The rippling surface of a bubble scarf is a visual and tactile delight: Full of interest and incredibly warm and comfortable as well. And the best news of all is that it is very simple to make!
In this tutorial, I will take you through the steps needed to weave your own soft, bubbly textile.
The warp consists of stripes in a shrinking and a non-shrinking yarn. Your best option for the shrinking yarn is a wool that will full when you finish it. For the non-shrinking yarn, I have used mercerized cotton, but linen or silk are also good choices.
Wind your warp with stripes of equal width, each approximately one inch wide in the reed. My cotton yarn needs a sett of 20 epi, while for the wool I wanted a more open sett of 15 epi, so, in order to obtain multiples of four, I wound stripes of 20 ends and 16 ends respectively.
You can choose whether to start and finish with a wool stripe or a cotton stripe. A cotton stripe at the selvedge gives an attractive ruffled edge. However, a wool stripe is softer, and you may find it more comfortable to wear.
Dressing the loom
You may have doubts about beaming a warp of mixed fibers, particularly where the elasticity of your two yarns is very different. One of the beauties of this project is that you can beam your mixed warp with impunity! You do need to be careful that you don’t overstretch the wool, however, so make sure you handle it gently both when beaming and when tying on – there is no need to apply a great deal of weight to obtain an even tension. This should ensure that both sets of ends remain the same overall length.
There are lots of structures which are well suited to this project: twills and lace weaves are particularly appealing. I have chosen to use a simple twill and threaded a straight draw on four shafts.
I have already noted that I wanted an open sett for the wool stripes. If you set your wool just a little wider than you would normally use for that yarn, you are giving it plenty of space so that it can full without becoming uncomfortably thick.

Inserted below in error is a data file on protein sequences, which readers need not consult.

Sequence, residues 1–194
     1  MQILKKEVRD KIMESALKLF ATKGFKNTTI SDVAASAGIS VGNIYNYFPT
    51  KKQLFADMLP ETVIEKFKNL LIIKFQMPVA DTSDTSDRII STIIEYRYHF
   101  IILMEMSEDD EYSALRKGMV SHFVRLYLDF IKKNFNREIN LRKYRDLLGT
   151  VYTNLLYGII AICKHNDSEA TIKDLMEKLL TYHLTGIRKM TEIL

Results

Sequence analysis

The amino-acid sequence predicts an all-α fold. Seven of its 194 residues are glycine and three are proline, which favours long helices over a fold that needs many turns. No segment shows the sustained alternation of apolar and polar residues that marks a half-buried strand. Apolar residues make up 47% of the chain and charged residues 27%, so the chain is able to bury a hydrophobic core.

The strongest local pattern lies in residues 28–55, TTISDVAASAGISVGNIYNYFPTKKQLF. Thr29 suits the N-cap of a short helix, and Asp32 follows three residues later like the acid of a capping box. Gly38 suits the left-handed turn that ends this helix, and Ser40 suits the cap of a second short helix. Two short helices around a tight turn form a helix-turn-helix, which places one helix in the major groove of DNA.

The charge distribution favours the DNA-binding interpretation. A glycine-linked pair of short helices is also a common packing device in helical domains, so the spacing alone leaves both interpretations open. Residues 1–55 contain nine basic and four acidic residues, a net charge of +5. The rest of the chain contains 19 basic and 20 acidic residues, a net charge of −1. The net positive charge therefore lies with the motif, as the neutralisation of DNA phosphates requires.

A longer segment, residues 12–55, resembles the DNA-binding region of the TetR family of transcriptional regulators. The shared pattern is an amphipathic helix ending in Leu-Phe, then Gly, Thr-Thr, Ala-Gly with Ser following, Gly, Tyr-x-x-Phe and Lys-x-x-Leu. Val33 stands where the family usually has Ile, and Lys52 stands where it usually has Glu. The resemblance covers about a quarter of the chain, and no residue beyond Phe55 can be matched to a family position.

For the weft you will alternate wool and cotton as you did in the warp. If you start and finish with a wool stripe there is no need for any hem-stitching – the fulled fibre will keep your scarf from unravelling at the ends.
I used a straight 2/2 twill liftplan, but have added a little extra visual interest by reversing the twill each time I changed weft.
You will probably find as you progress that you can see some undulation in your weaving, because of the different fibres you are using. You can see in the picture below that my weft stripes are slightly wavy. This would be a problem if we wanted our finished cloth to be absolutely square, but of course that is exactly what we don’t want! Any little unevenness you observe now will be overtaken by the bubble effect you create in the finishing.
Note also that I am keeping the wool stripes fairly open but beating the cotton stripes in very firmly. The squares which will form the bubbles are those which are cotton in both warp and weft. Keeping them tightly woven will mean that you get a lovely glossy finish when they curve and flex.
Because you are going to shrink the wool substantially, you need to make sure that you have woven enough length to give you a useable scarf after washing. I wove 84 inches to produce a scarf which is 58 inches long — a loss of approximately 30%.
If you want a twisted fringe on your scarf then I recommend you make it before wet finishing, as the wool will be much easier to handle at this stage. An easy way to approach it is to make the wool part of the fringe to the desired final length (allowing for shrinkage) but to make the cotton fringe significantly longer than you want it to be. After fulling, the cotton fringes will be very long indeed (as illustrated in the photo below), but you can then retie the knots at the same level as the knots in the wool fringes and trim everything to an even length.
On the other hand, if you don’t want a fringe at all, you can trim the warp ends so that they are just a couple of inches long. Once you have fulled the wool stripes sufficiently, you will be able safely to cut the warp ends off altogether.
You can wash and full your scarf by hand or put it in the machine if you prefer. I washed mine by hand, but then put it in the tumble dryer for 10 minute bursts. It took 30 minutes in total to reach a finish that I was happy with. At that stage the wool was practically dry, but the cotton was still damp. Accordingly, I laid the scarf flat on a towel until it was completely dry.